The shortest ever tenure for a PM was the 119 days in 1827 of George Canning, who died in office. Robert Walpole’s 20 years, 314 days is the longest.
Philip, who Mrs May describes as her ‘rock’, had been at her side throughout a critical week in which she made a final desperate gamble on Brexit, despite allies warning it could finish her off.
The Prime Minister and her team realised the game was up on Wednesday afternoon after her decision to offer Labour MPs concessions on a second referendum was mauled by MPs in the Commons and sparked a backlash from the Cabinet.
She gathered her inner circle in her office that evening – some hours before Commons Leader Andrea Leadsom quit – and told them she had reached the end.
Mrs May then began work on her farewell address with the help of trusted speechwriter Keelan Carr before going to her regular audience with the Queen, where she told the Monarch of her intentions.
Public requests from Jeremy Hunt and Sajid Javid to discuss the Brexit deal were studiously ignored that evening – allies of Mrs May believed they were simply trying to burnish their leadership credentials.
And, in any case, she had made up her mind. But the ticking clock could not be ignored.
She gathered her inner circle in her office Wednesday evening – some hours before Commons Leader Andrea Leadsom quit – and told them she had reached the end
Backbench shop steward Sir Graham Brady was due to see the PM on Friday morning to demand a timetable for her departure in response to the calls from furious Tory MPs.
Mrs May spent Thursday evening in her Maidenhead constituency after casting her vote and carrying out a round of campaigning in the European Parliament elections she had never wanted to hold.
She and Mr May then returned to Downing Street early yesterday morning, entering by a back door in the vain hope of avoiding the cameras before her big moment.
The meeting with Sir Graham was businesslike. Flanked by Mr Barwell and Conservative Party chairman Brandon Lewis, Mrs May went through her plans.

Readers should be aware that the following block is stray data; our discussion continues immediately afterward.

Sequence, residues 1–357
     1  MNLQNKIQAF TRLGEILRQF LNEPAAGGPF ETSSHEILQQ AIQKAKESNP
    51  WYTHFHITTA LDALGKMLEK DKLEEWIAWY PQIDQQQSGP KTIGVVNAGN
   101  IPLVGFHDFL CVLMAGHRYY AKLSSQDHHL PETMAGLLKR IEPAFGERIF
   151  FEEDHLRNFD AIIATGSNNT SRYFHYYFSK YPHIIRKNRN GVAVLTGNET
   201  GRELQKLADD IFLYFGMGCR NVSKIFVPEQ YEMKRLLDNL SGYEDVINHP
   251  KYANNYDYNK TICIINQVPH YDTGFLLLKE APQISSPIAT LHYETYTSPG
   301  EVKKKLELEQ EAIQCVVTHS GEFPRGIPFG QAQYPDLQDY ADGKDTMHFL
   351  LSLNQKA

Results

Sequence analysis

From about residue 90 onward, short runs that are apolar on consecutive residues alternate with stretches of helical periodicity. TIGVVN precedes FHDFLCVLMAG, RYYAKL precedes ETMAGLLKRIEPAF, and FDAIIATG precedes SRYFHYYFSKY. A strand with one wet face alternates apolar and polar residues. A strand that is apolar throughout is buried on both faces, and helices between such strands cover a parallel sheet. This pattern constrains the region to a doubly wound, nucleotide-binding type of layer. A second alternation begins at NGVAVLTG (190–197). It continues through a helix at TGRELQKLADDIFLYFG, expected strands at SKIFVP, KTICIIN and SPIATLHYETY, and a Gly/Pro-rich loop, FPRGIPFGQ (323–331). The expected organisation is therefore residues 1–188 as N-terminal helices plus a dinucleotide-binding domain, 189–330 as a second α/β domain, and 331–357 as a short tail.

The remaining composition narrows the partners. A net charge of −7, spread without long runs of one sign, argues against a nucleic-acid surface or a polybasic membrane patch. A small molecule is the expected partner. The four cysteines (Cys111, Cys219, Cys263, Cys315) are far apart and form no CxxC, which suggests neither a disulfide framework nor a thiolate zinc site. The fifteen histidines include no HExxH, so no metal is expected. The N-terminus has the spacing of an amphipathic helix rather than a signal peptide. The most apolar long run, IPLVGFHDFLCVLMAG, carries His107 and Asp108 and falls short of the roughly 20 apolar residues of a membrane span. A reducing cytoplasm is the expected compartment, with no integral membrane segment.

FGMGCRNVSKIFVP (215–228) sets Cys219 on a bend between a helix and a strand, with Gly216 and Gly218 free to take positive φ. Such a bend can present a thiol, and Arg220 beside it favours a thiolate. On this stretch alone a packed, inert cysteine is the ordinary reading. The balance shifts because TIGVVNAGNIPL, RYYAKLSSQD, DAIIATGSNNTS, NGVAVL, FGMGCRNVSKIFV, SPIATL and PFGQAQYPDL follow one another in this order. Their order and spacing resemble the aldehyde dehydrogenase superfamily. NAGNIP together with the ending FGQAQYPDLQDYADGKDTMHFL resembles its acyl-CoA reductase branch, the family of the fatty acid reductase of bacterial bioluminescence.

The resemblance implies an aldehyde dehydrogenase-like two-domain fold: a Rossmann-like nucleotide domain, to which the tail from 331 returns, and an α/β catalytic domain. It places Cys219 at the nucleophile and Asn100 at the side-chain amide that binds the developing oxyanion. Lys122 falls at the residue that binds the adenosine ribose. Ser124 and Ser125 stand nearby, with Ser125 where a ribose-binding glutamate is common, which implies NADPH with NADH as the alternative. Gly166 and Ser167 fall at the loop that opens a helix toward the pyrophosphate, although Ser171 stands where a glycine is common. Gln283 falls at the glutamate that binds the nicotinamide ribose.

After her meeting with staff, the PM and her husband got back in the car and returned to their Berkshire home. This weekend they will relax at Chequers, the PM’s country retreat
‘UK’s Schindler’ taught May about compromise
Theresa May yesterday recalled a constituent’s advice.
She told how the late Sir Nicholas Winton, the man hailed as ‘Britain’s Schindler’ for saving hundreds of children from Nazi tyranny, taught her compromise is ‘not a dirty word’.
‘He was right,’ said Mrs May. ‘As we strive to find the compromises we need in our politics… we must remember what brought us here.’ But Sir Nicholas’s daughter Barbara last night questioned if Mrs May had lived up to his legacy.
In an article for Times Red Box, she wrote: ‘Sadly, such admiration has not led to following in his footsteps in relation to today’s child refugees… I increasingly despair at the situation facing child refugees in Europe today.’
Sources on the backbench 1922 Committee had let it be known in advance that Sir Graham was arriving armed with an envelope containing the results of a secret ballot of senior Tories authorising him to trigger an immediate confidence vote in Mrs May’s leadership if she refused to step aside.
He did not need it. Instead he had his own awkward moment when he had to explain that he was planning to run for the leadership himself and would have to step aside as returning officer for the election.
The announcement did not come as a total surprise to No10 aides, who have privately questioned for some time whether Sir Graham has acted as a completely honest broker in the manoeuvrings between the leadership and the Tory backbenches that ultimately led to Mrs May’s downfall.
But that was no concern of Mrs May now. After her meeting with staff, the PM and her husband got back in the car and returned to their Berkshire home.
This weekend they will relax at Chequers, the PM’s country retreat. She is still Prime Minister. But after dealing with almost three years of chaos, pressure and disloyalty, it is almost over.